For those suffering from severe lung disease, a lung transplant may be their last treatment option to survive. A lung transplant can offer hope, but it can be a complex process that is comes with health risks. A lung transplant also comes with health risks and it is a lifelong commitment as you will need medication and treatment for the rest of your life.
What is a lung transplant?
When you have a lung transplant, your diseased or damaged lung(s) are removed and replaced with a healthy lung that is donated from another body (donor lung). One or both lungs can be replaced.
Who qualifies for a lung transplant?
There is a list of criteria that identifies who can have a lung transplant. In order to qualify for surgery, you will need to be evaluated by transplant health care professionals. This specialized team of medical staff will inquire about medical problems, complete several medical tests and screen for various cancers before recommending lung transplant.
If you are a suitable candidate for a lung transplant, you will be asked to attend a physiotherapy program and sometime during this program you will be added to the lung transplantation wait list. This program is done at your transplant center which may not be where you live. This may require you and a support person to travel and find accommodations.
Why do I need a support person?
Everyone who is on the transplant list will need to have a support person. A lung transplant is a major surgery that affects all parts of your life, not just your body. The entire process of a lung transplant can be very stressful and is usually full of ups and downs. Your support person should be someone you can talk to and someone that can help you stay positive. They will also need to help you get to appointments, get groceries, do the laundry, and assist with personal care before and after the surgery.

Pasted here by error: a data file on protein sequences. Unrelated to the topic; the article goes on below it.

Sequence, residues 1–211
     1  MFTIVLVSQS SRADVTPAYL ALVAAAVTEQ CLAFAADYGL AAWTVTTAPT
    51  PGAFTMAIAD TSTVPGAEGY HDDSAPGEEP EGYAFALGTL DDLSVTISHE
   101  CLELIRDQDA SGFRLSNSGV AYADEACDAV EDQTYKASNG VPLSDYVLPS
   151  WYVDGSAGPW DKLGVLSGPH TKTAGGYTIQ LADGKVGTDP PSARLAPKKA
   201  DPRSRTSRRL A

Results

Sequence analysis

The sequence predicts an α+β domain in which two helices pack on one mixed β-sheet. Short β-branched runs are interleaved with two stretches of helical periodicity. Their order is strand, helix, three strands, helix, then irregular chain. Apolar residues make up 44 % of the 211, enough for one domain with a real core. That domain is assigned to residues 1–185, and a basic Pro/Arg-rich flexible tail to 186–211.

A support person should be okay with spending lots of time in hospitals as they will be accompanying you to tests, appointments and with you during your recovery.
How long does it take to recover from a lung transplant?
Recovery from a lung transplant will vary for everyone. Most people who have a lung transplant are in the Intensive Care Unit (ICU) in the hospital for a few days to a week. Usually they then remain in the hospital for three or more weeks after that. After being released from the hospital, you will have to remain near the transplant center for at least two more months (a minimum three months total from the time of surgery).
What are the most common medical problems people face after a lung transplant?
The most common medical problems people face after a lung transplant are rejection, infection, and an increased risk of skin cancer and other cancers.
What is the survival rate?
The survival rates for a lung transplant will vary for everyone. This depends on rejections, infections, side effects, age and other medical conditions. The survival rate and success of transplants continues to improve.